It Pays for Traditional Public Schools to “Start Up” as Charters
Another Oregon public school plans to become a charter. The ability to enroll students from other districts is an attraction, as it was for the last school I blogged about. But this time, the school also identifies funding as a reason to change its status.
A few years ago, no school would have expected better funding as a charter. Charters usually received less state funding per student than traditional public schools. Now, the federal government is giving out grants to start charter schools, and traditional public schools can receive these grants if they reorganize as charters.
Turning existing schools into charters isn’t the most appropriate use of startup money, which ideally should help people build schools from scratch. District schools that need to develop specialized curricula to become charters would also be worthy recipients, but this particular school in Oregon developed its specialized academic program before it sought charter status.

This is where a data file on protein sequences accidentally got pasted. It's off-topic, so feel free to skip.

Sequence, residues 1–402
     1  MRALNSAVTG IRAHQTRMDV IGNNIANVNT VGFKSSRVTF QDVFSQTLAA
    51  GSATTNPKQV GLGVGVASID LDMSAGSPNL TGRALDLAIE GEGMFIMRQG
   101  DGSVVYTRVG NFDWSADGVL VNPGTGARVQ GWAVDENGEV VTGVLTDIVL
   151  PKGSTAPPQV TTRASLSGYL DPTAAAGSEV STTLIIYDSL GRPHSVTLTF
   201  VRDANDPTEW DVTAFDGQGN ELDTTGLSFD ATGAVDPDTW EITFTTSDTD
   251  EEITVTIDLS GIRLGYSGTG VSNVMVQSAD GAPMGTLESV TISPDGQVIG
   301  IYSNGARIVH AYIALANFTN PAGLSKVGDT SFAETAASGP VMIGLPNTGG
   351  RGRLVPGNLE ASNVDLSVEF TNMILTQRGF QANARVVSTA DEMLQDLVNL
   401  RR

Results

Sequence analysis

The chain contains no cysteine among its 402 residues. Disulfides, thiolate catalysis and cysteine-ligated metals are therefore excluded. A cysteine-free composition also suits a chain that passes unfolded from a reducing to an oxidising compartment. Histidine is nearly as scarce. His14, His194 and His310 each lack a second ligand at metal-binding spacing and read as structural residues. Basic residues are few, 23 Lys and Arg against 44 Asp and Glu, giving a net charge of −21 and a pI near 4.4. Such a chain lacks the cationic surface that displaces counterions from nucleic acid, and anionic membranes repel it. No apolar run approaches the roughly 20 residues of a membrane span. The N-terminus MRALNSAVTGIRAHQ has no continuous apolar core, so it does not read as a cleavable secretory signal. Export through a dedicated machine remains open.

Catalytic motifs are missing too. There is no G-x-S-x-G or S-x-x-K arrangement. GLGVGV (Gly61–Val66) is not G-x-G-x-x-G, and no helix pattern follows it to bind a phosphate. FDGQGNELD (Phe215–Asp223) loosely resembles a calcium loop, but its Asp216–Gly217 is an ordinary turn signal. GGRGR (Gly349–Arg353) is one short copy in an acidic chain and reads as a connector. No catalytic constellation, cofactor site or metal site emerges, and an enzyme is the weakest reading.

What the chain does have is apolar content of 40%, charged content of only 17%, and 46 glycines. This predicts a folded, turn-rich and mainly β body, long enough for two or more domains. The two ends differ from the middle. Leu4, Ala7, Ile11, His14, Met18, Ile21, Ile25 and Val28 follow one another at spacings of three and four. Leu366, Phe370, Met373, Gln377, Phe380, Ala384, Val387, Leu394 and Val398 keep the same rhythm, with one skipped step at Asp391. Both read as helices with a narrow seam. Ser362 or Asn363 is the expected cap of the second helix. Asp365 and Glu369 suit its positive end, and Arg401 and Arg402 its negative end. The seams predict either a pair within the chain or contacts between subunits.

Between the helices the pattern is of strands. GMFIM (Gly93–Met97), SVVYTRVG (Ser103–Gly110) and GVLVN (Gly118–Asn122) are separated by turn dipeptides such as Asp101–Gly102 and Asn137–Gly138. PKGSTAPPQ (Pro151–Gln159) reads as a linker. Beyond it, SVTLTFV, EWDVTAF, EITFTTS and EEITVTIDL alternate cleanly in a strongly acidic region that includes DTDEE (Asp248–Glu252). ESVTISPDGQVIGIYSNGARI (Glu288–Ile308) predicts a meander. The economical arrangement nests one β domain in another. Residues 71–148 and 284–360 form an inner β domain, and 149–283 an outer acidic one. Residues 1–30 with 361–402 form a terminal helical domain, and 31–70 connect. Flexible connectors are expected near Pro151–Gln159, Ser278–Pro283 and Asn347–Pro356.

The startup grants encourage public schools to make nominal changes in exchange for infusions of cash; that’s a wasteful policy in the short term. However, it could bring positive results over several years. Public schools that become charters to take advantage of one-time grants will find themselves competing with the districts and with other charters. No one is assigned to a charter by residence, so charters don’t have their student bodies handed to them — they have to work for enrollment. The new charters could soon contribute to a more competitive education market, assuming they don’t find a way to switch back to regular public schools after they spend the startup money.